When you're interested in politics, one of the first things you hear about is the left-right scale (left-wingers and right-wingers). This originally comes from the French Revolution in the late 18th century, when the supporters of the King would sit to the president's right, and those who supported the revolution sat to his left.
Originally, as such, the right-wingers were seen to be those interested in the wellbeing of the middle and upper classes, defenders of capitalism and private property. The left-wingers were seen to the those interested in the wellbeing of the lower/working classes, and they defended social justice.
Unfortunately, this is about where the scale stops being useful when determining political positions, because it only allows for general broad definitions, and worse still, it forces people into very polarised positions.
A topic which I find is often left alone is the way in which the left has corrupted language to better serve itself. I first started to consider this subject when reading Welcome to Obamaland by James Delingpole. Left-wingers have a tendency to attempt to change the meanings of words in order to stop their use in debate. As Delingpole writes:
Unfortunately when Obama talks of equality I fear he means something entirely different. What he means by equality is the liberal-left version of equality-not equality of opportunity but equality of outcome. This state-enforced fairness is in fact the very opposite of fair because it completely overlooks the most fundamental point about human beings: we are all different.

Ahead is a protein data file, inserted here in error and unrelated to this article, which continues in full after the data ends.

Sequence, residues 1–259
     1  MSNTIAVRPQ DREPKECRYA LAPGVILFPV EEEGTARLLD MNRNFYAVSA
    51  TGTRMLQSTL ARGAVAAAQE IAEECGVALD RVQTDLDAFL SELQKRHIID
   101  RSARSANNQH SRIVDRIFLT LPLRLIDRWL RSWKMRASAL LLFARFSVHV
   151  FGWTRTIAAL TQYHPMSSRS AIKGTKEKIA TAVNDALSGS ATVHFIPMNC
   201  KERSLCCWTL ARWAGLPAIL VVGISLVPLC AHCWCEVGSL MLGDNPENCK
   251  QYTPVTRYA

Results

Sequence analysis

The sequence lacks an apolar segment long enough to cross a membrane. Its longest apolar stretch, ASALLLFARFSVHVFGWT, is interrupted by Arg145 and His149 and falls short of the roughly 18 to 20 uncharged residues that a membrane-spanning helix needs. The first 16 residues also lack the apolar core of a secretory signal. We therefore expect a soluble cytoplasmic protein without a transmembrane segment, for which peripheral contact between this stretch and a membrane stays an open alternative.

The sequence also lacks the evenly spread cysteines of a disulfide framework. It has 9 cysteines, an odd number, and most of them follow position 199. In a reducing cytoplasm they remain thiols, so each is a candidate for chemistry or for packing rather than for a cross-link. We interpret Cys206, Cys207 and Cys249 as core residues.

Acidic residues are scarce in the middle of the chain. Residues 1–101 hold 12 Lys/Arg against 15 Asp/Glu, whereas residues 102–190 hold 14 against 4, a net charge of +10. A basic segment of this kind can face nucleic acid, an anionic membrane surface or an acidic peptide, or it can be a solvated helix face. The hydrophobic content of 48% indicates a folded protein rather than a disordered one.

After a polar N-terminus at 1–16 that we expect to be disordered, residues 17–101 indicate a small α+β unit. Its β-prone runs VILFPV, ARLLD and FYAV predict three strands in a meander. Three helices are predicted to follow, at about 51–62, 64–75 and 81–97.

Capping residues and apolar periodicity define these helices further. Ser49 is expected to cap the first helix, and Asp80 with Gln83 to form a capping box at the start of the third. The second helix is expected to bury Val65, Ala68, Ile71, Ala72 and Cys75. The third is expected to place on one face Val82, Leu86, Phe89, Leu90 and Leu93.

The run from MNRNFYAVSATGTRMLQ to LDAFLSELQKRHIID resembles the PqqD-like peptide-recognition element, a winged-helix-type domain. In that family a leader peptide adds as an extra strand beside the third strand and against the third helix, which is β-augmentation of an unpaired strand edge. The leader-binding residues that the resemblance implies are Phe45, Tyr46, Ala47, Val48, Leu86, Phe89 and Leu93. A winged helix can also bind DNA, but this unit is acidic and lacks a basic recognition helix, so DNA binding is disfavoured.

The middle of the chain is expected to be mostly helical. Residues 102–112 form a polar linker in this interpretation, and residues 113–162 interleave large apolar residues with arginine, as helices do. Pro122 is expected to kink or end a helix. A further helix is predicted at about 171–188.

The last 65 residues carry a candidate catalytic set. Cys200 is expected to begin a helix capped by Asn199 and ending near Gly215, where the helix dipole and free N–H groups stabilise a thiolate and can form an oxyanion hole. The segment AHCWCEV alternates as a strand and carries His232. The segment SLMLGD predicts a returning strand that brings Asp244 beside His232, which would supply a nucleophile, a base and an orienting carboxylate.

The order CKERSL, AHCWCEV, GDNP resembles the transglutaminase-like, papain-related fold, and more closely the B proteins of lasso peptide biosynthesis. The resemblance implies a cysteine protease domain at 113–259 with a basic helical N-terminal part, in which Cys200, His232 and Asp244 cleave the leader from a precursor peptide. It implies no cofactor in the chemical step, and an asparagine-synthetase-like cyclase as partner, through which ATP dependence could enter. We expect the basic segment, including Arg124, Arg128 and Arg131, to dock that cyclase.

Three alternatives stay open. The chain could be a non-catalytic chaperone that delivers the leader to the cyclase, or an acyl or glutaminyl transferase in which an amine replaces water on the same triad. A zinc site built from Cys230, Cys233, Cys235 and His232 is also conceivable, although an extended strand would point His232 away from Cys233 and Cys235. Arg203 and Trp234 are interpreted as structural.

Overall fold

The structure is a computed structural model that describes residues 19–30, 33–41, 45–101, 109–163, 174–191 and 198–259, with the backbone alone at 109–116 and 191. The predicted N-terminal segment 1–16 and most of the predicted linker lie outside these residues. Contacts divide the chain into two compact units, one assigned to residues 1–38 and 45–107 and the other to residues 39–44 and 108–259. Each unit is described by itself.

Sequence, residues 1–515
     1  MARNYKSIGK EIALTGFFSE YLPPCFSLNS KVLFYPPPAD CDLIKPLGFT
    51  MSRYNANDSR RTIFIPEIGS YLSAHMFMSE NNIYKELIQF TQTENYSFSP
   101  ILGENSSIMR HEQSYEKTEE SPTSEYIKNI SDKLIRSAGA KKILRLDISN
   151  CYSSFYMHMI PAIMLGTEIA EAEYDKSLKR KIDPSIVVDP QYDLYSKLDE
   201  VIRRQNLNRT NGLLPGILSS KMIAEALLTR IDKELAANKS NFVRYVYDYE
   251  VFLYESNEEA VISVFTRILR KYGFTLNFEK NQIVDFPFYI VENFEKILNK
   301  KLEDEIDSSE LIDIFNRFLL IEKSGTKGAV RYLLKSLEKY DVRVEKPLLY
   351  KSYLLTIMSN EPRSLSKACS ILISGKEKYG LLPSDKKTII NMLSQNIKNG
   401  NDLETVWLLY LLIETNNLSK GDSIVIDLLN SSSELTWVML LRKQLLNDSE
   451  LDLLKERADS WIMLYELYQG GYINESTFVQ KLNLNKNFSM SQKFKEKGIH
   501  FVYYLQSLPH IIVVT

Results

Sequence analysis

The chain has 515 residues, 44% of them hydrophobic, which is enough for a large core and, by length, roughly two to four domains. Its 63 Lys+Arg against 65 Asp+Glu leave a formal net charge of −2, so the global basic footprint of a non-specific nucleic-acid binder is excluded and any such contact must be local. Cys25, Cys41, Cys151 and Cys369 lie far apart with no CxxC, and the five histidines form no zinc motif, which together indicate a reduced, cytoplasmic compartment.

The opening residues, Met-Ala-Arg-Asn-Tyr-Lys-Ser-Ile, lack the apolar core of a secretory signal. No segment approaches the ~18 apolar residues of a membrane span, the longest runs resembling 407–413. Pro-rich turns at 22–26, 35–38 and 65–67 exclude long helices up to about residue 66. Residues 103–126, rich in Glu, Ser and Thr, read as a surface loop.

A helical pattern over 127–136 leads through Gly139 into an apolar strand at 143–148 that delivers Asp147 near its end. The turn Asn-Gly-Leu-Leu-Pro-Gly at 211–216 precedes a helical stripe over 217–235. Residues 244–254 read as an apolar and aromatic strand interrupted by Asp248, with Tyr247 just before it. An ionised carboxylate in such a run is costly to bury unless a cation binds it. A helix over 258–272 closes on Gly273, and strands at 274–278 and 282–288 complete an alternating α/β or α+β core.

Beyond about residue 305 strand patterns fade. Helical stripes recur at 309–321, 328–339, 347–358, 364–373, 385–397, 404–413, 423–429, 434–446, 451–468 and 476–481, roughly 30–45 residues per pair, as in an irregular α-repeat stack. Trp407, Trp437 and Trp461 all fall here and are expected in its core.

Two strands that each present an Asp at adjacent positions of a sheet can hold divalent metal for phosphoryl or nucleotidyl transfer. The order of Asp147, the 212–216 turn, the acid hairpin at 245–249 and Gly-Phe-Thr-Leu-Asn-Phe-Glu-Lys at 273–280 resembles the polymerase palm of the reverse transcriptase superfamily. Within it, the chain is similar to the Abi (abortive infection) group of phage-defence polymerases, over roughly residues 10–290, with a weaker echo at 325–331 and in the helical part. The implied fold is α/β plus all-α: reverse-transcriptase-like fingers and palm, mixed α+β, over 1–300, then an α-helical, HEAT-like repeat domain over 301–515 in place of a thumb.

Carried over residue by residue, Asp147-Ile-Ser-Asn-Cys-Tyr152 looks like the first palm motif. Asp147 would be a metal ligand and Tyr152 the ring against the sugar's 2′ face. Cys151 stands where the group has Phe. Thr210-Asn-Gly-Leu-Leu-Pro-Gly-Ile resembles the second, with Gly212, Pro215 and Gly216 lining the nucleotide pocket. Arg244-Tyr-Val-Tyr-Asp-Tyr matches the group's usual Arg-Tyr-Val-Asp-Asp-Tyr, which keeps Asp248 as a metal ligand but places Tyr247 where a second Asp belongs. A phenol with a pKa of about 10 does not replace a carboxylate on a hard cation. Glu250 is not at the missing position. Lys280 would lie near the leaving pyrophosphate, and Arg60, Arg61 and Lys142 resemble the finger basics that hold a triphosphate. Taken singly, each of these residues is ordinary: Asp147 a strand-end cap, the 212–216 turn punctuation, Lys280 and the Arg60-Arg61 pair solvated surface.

Unfortunately, 'equality' isn't the only word which the left seem to have attempted to hijack from its original meaning. Let's take 'liberty' for example.
Something I often find myself discussing with friends in the UK is the current state of welfare in the country. For those of you who don't know, the welfare state in the UK is a mammoth, providing money for just about any reason you can think of, and quite a bit of it as well, straight from the taxpayer's purse. The belief of the left is that somehow this dinosaur helps the poor, but really all it seems to do is keep them poor and keep their productivity down. We're going to look at how.
Meet Dave, he's a 26 year old unemployed man. He left school at 16 with GCSE qualifications, and has never had a job. He claims benefits and lives off of those. You may deride Dave and tell him he's done all manner of things wrong, but has he? As an unskilled worker, Dave is probably only going to be able to work for around the minimum wage. This is £5.93 per hour. Let's assume Dave could work 40 hours a week, this would give him a total weekly income of £237.20, or £12,334.00 per annum.